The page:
The Soulkeepers

Rated 4.50/5 based on 10 reviews
Book 1 of 6 in The Soulkeepers Series. An orphaned fifteen-year-old boy makes a deal with a mysterious stranger to train as a Soulkeeper, a protector of human souls, in exchange for her help finding his missing mother. More
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The Soulkeepers Book Trailer
Official Book Trailer for The Soulkeepers (DarkSide Publishing, 2011).


pamela chismar reviewed on July 11, 2016

I received The Soulkeepers from LibraryThing in return for an honest review.

When Jacob wakes up in the hospital in his home state of Hawaii, he is confused about dreams he is having. The doctors tell him it's normal to have hallucinations after a head injury, but to Jacob these are more like memories (weird, totally impossible memories).
Jacob's whole life changes when his uncle (whom he has never even heard of) tells him his mother
is presumed dead, and that he must go to the mainland with him. He is now his guardian.
Jacob meets Malini at school. Both are considered outcast because they weren't born in town. They
quickly become friends.
Then there is the strange lady across the street. She wants to show him things about himself that are hard to believe. Should he trust her or not?

I really liked The Soulkeepers. So much so, I bought the boxed set on Amazon. All 6 books.
(review of free book)
Dale Ibitz reviewed on July 31, 2013

This book starts off with intense action, and just keeps on going. It sucks you in, grabs you and just doesn't let go.

The characters are awesome. They are real-to-life, from Jacob to his family to his friends to the minor characters. They're well thought-out, easily believable, and convincing.

I like the subtilties of the characters as well. Some of them, you simply don't know if they're going to be bad or good, but it's so subtle you start to question motives. As you read, it's apparent they could swing either way. I like books where there's a gray area between good and evil; bad people don't necessarily always do bad things, ya know? Some of them you're not sure what's motivating know there's something behind the scenes, and you just have to keep reading to discover some of the lurking secrets.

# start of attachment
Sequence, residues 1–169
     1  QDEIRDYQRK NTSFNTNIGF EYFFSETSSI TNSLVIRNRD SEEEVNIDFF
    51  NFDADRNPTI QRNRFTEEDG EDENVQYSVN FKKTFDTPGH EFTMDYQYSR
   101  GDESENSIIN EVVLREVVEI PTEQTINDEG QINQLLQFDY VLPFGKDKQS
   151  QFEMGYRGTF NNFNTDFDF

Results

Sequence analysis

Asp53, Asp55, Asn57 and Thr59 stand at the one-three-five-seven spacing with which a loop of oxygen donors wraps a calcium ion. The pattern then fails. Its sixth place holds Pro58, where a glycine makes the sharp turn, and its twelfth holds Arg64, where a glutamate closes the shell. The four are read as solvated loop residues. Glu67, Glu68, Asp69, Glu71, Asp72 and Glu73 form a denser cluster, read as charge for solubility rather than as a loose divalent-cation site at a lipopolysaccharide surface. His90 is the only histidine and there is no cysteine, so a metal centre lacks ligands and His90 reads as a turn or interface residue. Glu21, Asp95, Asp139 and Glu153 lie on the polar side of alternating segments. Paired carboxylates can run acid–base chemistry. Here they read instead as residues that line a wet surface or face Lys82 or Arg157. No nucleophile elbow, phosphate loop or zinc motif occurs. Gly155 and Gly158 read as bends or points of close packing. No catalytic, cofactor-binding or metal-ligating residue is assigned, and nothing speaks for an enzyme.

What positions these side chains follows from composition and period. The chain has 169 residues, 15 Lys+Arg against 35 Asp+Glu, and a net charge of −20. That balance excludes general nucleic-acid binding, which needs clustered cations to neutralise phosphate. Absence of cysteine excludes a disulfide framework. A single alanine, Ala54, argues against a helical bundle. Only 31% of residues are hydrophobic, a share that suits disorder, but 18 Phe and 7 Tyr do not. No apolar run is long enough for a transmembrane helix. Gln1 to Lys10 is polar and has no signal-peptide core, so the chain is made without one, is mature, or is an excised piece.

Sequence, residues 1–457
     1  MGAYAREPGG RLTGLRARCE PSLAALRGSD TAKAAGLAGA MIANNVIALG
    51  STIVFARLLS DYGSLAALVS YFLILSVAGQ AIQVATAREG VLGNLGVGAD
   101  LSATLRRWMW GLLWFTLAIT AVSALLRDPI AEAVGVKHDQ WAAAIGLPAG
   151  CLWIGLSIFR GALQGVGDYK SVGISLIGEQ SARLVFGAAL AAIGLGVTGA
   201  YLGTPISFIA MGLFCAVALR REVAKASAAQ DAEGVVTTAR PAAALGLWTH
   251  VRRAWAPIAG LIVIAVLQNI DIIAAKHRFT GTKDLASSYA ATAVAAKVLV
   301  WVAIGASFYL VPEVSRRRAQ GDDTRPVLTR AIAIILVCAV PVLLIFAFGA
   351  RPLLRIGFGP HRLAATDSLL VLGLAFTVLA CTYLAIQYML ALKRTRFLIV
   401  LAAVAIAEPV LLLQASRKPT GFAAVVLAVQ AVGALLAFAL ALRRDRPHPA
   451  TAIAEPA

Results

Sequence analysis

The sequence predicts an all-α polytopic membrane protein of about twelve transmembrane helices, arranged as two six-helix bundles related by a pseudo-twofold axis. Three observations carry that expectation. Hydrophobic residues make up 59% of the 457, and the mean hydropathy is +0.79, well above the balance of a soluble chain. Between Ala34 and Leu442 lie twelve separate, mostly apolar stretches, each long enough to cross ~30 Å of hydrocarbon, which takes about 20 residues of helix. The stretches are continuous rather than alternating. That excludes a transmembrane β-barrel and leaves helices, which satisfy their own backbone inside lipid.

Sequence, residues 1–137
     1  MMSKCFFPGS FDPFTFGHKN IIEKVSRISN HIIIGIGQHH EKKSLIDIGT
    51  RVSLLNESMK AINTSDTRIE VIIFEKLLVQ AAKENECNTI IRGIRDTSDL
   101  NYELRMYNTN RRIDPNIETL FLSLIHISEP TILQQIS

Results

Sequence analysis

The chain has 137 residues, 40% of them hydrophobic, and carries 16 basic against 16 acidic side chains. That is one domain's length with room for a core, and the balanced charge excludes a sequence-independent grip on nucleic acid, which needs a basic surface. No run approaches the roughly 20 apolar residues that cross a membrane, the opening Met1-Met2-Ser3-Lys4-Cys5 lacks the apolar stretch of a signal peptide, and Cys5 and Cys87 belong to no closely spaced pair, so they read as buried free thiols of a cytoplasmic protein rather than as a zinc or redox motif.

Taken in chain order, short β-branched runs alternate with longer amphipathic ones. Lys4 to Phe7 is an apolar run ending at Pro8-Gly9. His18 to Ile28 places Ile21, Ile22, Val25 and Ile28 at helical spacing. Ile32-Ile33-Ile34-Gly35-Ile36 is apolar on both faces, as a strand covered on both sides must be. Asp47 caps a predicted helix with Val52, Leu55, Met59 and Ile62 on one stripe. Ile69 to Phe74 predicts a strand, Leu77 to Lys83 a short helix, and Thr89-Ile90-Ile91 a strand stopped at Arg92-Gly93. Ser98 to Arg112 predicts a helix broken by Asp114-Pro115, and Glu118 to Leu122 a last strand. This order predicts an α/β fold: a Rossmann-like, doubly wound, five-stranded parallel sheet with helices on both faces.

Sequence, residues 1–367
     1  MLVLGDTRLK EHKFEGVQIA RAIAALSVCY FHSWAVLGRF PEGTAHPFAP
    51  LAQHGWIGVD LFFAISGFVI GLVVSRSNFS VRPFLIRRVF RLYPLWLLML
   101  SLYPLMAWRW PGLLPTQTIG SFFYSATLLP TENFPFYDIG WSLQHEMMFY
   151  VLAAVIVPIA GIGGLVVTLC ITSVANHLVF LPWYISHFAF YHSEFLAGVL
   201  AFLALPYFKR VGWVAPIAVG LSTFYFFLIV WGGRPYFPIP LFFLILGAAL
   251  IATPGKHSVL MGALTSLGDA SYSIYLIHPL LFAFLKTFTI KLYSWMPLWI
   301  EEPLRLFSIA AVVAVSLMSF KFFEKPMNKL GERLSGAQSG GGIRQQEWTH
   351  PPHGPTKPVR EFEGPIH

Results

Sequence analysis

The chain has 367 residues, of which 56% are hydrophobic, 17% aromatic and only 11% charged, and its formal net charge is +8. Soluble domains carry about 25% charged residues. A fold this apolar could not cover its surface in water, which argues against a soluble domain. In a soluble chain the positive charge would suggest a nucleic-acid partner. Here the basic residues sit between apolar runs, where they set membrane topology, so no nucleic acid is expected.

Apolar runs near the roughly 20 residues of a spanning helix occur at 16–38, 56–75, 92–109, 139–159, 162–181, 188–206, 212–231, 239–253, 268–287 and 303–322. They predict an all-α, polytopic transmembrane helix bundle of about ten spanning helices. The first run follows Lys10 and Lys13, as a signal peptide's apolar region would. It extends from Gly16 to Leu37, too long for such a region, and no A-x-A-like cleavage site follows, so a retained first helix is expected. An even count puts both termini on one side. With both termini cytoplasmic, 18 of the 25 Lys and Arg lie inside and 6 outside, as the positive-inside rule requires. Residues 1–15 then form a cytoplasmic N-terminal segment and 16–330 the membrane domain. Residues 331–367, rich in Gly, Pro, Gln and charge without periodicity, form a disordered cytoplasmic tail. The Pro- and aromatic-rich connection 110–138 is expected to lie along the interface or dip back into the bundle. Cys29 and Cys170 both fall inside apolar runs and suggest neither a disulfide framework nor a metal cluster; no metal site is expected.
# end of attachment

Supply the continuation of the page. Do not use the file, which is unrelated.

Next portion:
There's a take on fallen angels that was refreshing; I haven't read an urban fantasy that quite depicted them this way.

The plot moves fairly well. It cruises along nicely, though the end felt a little rushed. Sort of like being at a great party and the host suddenly shoves you out the door, saying "Party's over!" Some resolutions could have been lingered over, given us a little more detail and substance. While I accept the ending as far as the main characters, I didn't believe the reactions of the families involved who didn't know what was going on.

One other thing that bothered me just a little bit, was the preachy feel toward the end. It felt intrusive. Though I understand the motivation behind it, it didn't fit in with the natural flow of the story.

Despite that, I have to say one of my favorite indie reads of the year!
(review of free book)
Alysa H reviewed on May 28, 2013

This was entertaining and inventive, but a bit too religious for me. I have no problem suspending my disbelief in order to enjoy a good paranormal novel that's got demons and angels and whatnot it it, but I must admit that in this case it felt just a little too much like I was being preached to.
(review of free book)
Francis W. Porretto reviewed on Feb. 28, 2012

This book has plenty of problems. There are characterization and backstory problems that had me scratching my head throughout. There are numerous stylistic sins. There are many grammatical errors, some of which are unforgivable from an experienced writer. There are number-agreement errors, case errors, back-referent errors, and pronoun abuse until Will Strunk is whirling in his grave. There are even a couple of outright spelling errors.

The only thing that saves The Soulkeepers is a highly imaginative, absolutely TERRIFIC story.

Mrs. Ching, get yourself a good editor! There are plenty of them out there. A good one will help your storyteller’s gift to take wing. *And* he’ll save you from having to read a paragraph like my first one above, ever again.

All that having been said, The Soulkeepers offers many pleasures. Evolutions of the ideas in Genesis Chapter 6 have been attempted before, but I’d have to put yours at the front of the pack. Jacob’s and Malini’s adventures are gripping, and the ambiguities surrounding Abigail are equally intriguing. For a Christian fantasy, it indulges in only one excess that I can detect: It allows the Fallen to affect events on Earth directly, which is heretical (Manichaeanism). However, that’s so commonplace in Christian fantasy that it barely merits a tsk, tsk.

I heartily approve of this direction in Christian YA fiction and I’m looking forward to reading the second and third volumes in this series. But really, truly DO get yourself an editor. It would be a genuine pity if stories this good should go out into the world with so many avoidable blemishes!